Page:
The state recently enacted a law that would make it more difficult for most residents to obtain certain “high-powered” firearms, as well as high-capacity magazines.
A local Illinois judge has issued a temporary injunction preventing the state’s recently-enacted ban on the high-powered firearms and high-capacity magazines from being enforced against specific residents and a collection of licensed weapons dealers.
According to The Chicago Tribune, the Effingham County court’s ruling was prompted by a lawsuit filed by attorney Thomas DeVore this past week.
DeVore, who had earlier lost the race for the state attorney general’s office, argued that the weapons restriction violates the Illinois constitution’s due process and equal protection clauses.
In his ruling, Effingham County Judge Joshua Morrison opined that DeVore’s filing could succeed if it is pursued.
“The Court finds that plaintiffs have shown a likelihood of success in relation to the equal protection clause of the Illinois Constitution,” Morrison wrote in an 11-page ruling.
Morrison further observed that the state legislature may not have had ample time or opportunity to determine whether there was any better way to control access to high-powered firearms.
“Due to the speed with which this bill was passed, the effect to protected classes could not have been considered, nor could the legislature have studied if this was the least restrictive way to meet their goal,” Morrison wrote.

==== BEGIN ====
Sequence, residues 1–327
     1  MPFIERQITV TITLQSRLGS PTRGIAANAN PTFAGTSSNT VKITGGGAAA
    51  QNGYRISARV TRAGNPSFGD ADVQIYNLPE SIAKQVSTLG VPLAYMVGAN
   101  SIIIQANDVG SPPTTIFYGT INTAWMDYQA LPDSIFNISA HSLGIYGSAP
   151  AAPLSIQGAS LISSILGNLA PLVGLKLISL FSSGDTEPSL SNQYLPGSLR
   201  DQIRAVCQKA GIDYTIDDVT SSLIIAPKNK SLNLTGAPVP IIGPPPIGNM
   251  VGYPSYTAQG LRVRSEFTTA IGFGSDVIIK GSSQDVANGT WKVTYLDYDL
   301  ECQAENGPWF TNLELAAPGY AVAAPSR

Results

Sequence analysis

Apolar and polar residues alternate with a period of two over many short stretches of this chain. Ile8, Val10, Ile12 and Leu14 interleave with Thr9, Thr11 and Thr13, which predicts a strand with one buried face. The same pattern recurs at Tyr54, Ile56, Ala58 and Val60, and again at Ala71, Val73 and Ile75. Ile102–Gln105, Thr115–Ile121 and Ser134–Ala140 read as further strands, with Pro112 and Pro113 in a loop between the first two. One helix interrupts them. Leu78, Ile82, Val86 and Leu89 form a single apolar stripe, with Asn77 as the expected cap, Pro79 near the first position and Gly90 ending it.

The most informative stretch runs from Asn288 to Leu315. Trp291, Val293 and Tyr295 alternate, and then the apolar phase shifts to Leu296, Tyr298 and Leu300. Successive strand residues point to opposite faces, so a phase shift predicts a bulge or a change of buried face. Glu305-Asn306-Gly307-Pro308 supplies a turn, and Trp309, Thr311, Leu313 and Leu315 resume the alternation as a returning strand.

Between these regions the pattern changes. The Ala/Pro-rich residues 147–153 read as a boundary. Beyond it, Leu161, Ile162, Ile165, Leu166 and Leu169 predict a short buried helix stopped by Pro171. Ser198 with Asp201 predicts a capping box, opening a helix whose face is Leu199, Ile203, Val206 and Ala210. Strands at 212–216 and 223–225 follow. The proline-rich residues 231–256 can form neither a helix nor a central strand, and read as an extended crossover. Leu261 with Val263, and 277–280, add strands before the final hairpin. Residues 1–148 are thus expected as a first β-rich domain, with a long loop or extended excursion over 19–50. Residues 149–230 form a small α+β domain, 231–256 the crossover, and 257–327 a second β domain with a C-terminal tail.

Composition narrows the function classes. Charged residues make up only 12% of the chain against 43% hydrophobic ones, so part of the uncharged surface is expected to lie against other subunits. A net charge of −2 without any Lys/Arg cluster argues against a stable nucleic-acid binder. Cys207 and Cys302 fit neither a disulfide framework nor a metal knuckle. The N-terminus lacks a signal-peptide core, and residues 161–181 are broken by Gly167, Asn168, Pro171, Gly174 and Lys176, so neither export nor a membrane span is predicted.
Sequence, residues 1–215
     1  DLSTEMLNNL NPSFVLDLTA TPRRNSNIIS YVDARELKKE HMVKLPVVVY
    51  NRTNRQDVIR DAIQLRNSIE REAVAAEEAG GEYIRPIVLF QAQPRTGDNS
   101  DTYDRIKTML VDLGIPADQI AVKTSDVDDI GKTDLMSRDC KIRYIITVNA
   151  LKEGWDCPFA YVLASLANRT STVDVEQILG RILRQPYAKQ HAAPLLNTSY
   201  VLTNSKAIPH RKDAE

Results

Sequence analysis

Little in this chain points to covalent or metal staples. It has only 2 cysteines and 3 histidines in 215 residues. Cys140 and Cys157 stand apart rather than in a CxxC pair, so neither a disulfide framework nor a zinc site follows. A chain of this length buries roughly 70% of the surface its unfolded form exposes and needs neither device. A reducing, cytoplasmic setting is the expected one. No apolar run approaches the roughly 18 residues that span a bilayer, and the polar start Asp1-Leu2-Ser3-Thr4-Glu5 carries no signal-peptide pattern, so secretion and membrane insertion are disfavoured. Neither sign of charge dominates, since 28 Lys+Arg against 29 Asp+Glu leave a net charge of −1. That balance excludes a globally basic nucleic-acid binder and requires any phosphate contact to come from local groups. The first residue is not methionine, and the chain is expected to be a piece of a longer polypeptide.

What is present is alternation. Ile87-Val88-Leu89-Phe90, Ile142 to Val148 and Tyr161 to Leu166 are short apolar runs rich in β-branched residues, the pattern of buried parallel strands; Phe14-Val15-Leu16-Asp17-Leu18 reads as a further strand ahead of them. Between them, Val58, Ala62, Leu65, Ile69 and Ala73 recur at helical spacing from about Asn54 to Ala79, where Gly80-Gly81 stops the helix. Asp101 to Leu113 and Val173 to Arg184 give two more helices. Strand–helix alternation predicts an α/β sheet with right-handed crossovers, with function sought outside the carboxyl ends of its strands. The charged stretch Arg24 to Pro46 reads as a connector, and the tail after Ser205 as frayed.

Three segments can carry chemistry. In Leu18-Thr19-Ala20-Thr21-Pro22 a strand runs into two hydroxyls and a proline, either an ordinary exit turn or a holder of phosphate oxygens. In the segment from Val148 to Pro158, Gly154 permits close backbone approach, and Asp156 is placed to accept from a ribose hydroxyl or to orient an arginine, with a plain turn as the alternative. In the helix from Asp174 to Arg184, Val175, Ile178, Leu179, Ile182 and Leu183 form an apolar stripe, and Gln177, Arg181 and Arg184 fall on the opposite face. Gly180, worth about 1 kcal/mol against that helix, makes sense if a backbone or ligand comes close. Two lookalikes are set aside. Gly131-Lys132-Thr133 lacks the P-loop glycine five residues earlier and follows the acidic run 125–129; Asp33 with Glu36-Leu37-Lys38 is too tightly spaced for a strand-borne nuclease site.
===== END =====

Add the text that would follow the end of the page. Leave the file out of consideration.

However, the ruling only affects an estimated 850 Illinois residents named as plaintiffs in the lawsuit, as well as four licensed firearm dealers.
Shortly after the ruling, DeVore told the Chicago Tribune that he was pleased with the court’s ruling.
DeVore also said that he, “like many people in the state of Illinois, have had enough of this.”
“If the General Assembly wants to pass a law then do it in the wide open, don’t do it like thieves in the night and let everybody know what they’re doing and see what they’re doing and give them a chance to participate,” DeVore told the Tribune. “And I think that’s what the judge was trying to say and I look forward to this case as it continues.”
The Effingham County court’s ruling has already been decried by Democratic state leaders, including Illinois Gov. J.B. Pritzker.
“It is the initial result we’ve seen in many cases brought by plaintiffs whose goal is to advance ideology over public safety. We are well aware that this is only the first step in defending this important legislation,” Pritzker said in a statement.
“I remain confident that the courts will uphold the constitutionality of Illinois’ law, which aligns with the eight other states with similar laws and was written in collaboration with lawmakers, advocates and legal experts,” the governor added.